credstone let us in on an event in Climate Hero Tim DeChristopher to be Keynote Speaker at Powershift: "The Powershift conference runs April 15-18th and has over 10,000 young climate justice activists in attendance. For a small donation, conference goers can pick up an orange sash at the Peaceful Uprising table on the first floor of the Washington conference center. The sash is a symbol of solidarity with Tim, support for his action and a symbol of the red rock wilderness Peaceful Uprising is fighting to protect."

Fukushima Nukes

boatsie: radioactive h20 & robots to rescue @ fukushima? rov 45.

middleagedhousewife: 10,000 Terabequerels of Radiation/Hr for Several Hours: ROV 46.

boatsie: Fukushima Eyes: ROV 47.

rja: Months to cool Fukushima reactors, 10 years to decommission - Toshiba draft: ROV 48.

rja: Video of Spent Fuel Pool sampling at Fukushima: ROV 49.

FishOutofWater: Radioactivity Increases in Fukushima Water, TEPCO is out of Storage Tanks: "Radioactivity levels in water increased dramatically at Fukushima reactor units 1 and 2.  Moreover, Cs-134 and I-129 levels 15km offshore now exceed safety standards. TEPCO pumped contaminated water out of the tunnel of reactor unit 2 into a reactor condenser but TEPCO has run out of places to store radioactive water from other reactors. The lack of storage tanks for radioactive water is stopping TEPCO from restoring the cooling systems of the damaged reactors. TEPCO is trying to finish building makeshift storage tanks by the end of May."

HoundDog:Japan Will Raise the Fukushima Nuclear Accident Rating to Level 7: " This latest analysis is more consistent with the high levels of radiactive contamination across the surrounding area, and an expansion of the suggested evacuation area to 30 km, in selected areas.  Today, the commission reports broader areas where radiation will cause residents to exceed annual limits, but stopped short of broadening the exclusion zones. "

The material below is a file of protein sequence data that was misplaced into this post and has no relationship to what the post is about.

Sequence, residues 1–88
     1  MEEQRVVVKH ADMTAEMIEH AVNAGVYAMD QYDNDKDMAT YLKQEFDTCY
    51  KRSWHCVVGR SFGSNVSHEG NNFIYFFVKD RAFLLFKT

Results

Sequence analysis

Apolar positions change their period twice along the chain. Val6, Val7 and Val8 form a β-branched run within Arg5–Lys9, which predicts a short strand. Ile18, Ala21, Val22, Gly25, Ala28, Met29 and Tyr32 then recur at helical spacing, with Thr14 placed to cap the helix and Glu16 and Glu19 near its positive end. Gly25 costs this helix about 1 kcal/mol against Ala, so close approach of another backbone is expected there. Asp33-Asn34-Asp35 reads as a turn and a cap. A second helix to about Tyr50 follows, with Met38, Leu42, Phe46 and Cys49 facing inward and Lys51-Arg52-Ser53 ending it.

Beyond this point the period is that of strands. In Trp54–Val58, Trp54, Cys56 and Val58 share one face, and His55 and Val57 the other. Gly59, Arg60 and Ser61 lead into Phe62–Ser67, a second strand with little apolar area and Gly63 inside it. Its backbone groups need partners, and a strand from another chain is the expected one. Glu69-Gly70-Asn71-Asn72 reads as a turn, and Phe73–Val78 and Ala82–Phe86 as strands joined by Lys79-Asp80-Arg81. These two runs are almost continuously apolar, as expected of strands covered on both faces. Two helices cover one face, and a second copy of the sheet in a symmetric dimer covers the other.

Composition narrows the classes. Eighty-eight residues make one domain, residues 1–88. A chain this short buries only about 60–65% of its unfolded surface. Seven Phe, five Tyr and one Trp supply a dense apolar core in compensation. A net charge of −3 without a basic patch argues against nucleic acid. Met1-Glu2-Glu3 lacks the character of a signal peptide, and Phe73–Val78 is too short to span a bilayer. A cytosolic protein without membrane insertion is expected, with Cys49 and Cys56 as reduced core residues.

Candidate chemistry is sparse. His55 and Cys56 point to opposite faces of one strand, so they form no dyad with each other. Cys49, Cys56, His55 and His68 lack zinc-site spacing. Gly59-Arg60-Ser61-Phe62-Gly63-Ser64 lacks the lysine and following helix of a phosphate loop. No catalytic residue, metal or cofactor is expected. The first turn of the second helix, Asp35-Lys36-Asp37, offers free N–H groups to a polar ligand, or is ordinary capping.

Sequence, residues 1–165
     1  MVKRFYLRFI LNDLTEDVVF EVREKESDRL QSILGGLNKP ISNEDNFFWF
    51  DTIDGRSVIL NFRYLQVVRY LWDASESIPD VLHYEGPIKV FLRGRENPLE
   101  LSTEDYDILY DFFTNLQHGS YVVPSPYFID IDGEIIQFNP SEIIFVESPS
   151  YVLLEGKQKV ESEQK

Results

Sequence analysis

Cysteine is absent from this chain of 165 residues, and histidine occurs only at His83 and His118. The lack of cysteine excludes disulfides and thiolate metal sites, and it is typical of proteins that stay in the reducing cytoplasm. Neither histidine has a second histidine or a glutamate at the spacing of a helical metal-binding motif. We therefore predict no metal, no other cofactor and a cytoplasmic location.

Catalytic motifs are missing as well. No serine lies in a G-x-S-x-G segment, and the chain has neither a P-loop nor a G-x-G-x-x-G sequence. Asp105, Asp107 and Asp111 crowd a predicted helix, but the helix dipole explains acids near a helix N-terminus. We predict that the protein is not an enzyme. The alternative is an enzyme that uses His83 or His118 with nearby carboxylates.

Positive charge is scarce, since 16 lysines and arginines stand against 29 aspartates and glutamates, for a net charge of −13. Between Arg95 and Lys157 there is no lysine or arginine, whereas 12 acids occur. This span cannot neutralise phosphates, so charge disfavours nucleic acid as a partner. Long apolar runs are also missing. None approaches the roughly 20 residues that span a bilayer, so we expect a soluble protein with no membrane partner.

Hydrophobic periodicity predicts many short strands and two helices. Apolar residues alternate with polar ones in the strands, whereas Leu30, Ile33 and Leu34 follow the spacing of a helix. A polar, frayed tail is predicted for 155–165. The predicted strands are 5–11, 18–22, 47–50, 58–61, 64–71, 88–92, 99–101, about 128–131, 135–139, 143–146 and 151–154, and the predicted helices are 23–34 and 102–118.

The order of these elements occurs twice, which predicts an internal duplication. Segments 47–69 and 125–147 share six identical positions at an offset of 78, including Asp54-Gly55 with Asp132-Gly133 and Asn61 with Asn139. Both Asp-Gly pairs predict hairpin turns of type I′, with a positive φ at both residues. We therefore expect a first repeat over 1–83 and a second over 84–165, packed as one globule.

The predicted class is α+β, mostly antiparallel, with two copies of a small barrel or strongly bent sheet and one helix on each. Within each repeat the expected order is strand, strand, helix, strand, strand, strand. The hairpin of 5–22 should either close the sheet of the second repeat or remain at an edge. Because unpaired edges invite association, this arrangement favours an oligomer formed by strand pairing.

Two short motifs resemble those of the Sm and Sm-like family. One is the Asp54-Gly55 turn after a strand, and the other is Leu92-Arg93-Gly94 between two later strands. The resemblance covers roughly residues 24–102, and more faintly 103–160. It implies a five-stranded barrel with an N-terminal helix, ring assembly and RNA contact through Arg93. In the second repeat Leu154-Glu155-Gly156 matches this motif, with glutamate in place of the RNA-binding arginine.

Radical def: Fukushima: Greenpeace Urges Wider Evacuation Zone: "Field testing by Greenpeace radiation monitoring teams has been consistently recording unacceptably high levels of contamination on gardens and crops outside of the present exclusion zone declared by the Japanese government. Recently, in Minamisoma, residents say they have received no information about radiation levels, nor any warnings about potential hazards, despite reports of government testing in the area. Yet in several parts of Minamisoma, measurements by Greenpeace were up to 4.5 microSievert per hour on garden spinach, unacceptable for human consumption, compared to the reading reported by the only official government monitoring location, of .07, which might be considered relatively 'safe'."

Joieau: Happy Talk from Reuters: How does Fukushima differ from Chernobyl?: " In a supercilious attempt to make light of Japan's announcement that the Fukushima-1 nuclear disaster is now at Level 7 along with Chernobyl but still isn't as bad as Chernobyl, we get in Reuters today this little gem… 'Q+A: How does Fukishima differ from Chernobyl? 'At Chernobyl, the initial explosion resulted in the death of two workers. Twenty-eight of the firemen and emergency clean-up workers died in the first three months after the explosion from acute radiation sickness and one died of cardiac arrest.' Excuse me? At Fukushima, the initial triggering tsunami resulted in the death of two workers, whose bodies were found floating in highly radioactive water flooding a turbine building basement three weeks later. We don't know the fate of the original 50 'sacrificial volunteers' (a.k.a. 'Heroes') who stayed with the melting reactors to spray water in the general direction of melting fuel when all the bigwigs and other workers left for safer environs early on."

nathguy: Fukushima : Recriticality or a level 8 disaster: " According to TEPCO, radioactive iodine-131 amounting to 220 becquerels per cubic centimeter, cesium-134 of 88 becquerels and cesium-137 of 93 becquerels were detected in the pool water. Those substances are generated by nuclear fission."

LeftOfYou: Dosimeters for Fukushima: "Thousands of ordinary Japanese people are unknowingly accumulating higher than usual doses of radioactivity while consciously suffering many other deprivations and disruptions after the earthquake and tsunami. Reports exist of efforts to get dosimeters to first responders and TEPCO workers, but little evidence suggests much of an effort to supply personal dosimetry to ordinary citizens suffering exposures in this incident. If it were me, and I was a Japanese resident of the areas West and North of the stricken reactors, and I knew everything I could find out about reported radiation monitoring in my vicinity, then I would want to know my personal dosage as I have gone about my business."

Extended (Optional)

Originally posted to Daily Kos on Sat Apr 16, 2011 at 02:45 PM PDT.

Also republished by J Town.